Reebok Ridgerider Trail 2.0 Review Facts
The Reebok Ridgerider Trail 2.0 is a hefty looking trail shoe. The shoe features a subtle reflective Reebok logo and is available in a variety of color schemes. But does it hold up on rough terrain? It’s fairly well suited to dry surfaces, but anytime the shoe encounters slick ground it fails to provide traction. For a trail shoe, that’s a major deal breaker and it’s a disappointing aspect of the Reebok Ridgerider Trail 2.0. While the shoe does have a few positive aspects, overall, it falls short of its trail runner label. You’d be better off choosing an alternate option for your off-road adventures.
That said, it comes at a budget price, so if you’re a weekend warrior looking for something that will hold up for occasional trail runs, this might be a good option. You’ll get decent protection and a comfortable fit with the Reebok Ridgerider Trail 2.0. Sure, the midsole is rigid but it definitely minimizes ground-feel which is great if you’re running on a debris-filled trail.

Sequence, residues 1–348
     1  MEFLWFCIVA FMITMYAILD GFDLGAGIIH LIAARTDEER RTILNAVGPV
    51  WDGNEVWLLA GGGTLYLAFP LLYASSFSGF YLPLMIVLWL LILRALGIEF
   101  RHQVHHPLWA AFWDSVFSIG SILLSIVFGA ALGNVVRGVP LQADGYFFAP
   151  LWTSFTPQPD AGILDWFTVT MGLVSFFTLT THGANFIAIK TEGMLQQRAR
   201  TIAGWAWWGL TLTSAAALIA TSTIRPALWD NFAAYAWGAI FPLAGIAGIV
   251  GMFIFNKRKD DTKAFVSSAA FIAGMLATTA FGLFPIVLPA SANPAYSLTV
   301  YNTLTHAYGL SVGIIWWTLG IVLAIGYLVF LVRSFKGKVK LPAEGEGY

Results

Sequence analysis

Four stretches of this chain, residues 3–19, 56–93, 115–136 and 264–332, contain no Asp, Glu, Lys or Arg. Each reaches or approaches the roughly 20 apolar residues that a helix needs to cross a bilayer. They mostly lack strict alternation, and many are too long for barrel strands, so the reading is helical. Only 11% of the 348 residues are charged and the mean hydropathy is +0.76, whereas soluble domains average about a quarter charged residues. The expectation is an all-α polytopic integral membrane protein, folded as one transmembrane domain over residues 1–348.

The Reebok Ridgerider Trail 2.0 features a carbon rubber outsole
with prominent lugs. You can see how thick they are just by looking at the shoe's profile. The shoe certainly looks aggressive enough to tackle uneven trail
surfaces but the consensus from reviewers is that that's just not the case, especially when the ground is wet. It's surprising when you take a closer look at the outsole, the lugs look like they would be able to grip surfaces well but they just don't have the ability to provide traction in wet weather.
The outsole also features grooves in the forefoot area to provide a bit of flexibility. The midsole is really hard so the grooves are a welcomed addition to help make the ride in the Reebok
Ridgerider Trail 2.0 feel a bit more natural
The Ridgerider Trail 2.0 features a CMEVA midsole. It provides some padding but most reviewers found the shoe a bit too rigid for their liking. The hard midsole cushion is supportive but not particularly comfortable, especially for long runs
. After a while, the hard feeling underfoot results in fatigue and discomfort. A few reviewers also noted that the heel cushioning was lacking and found landing in that area a bit jarring.
There were also reviewers, though, who liked the rigid midsole CMEVA cushioning. They found it very supportive and preferred it over a cloud-like feel underfoot.
This trail shoe features a closed mesh upper. The closed mesh construction helps keep debris out which is especially convenient for running off-road. Inside the shoe, there's a well-cushioned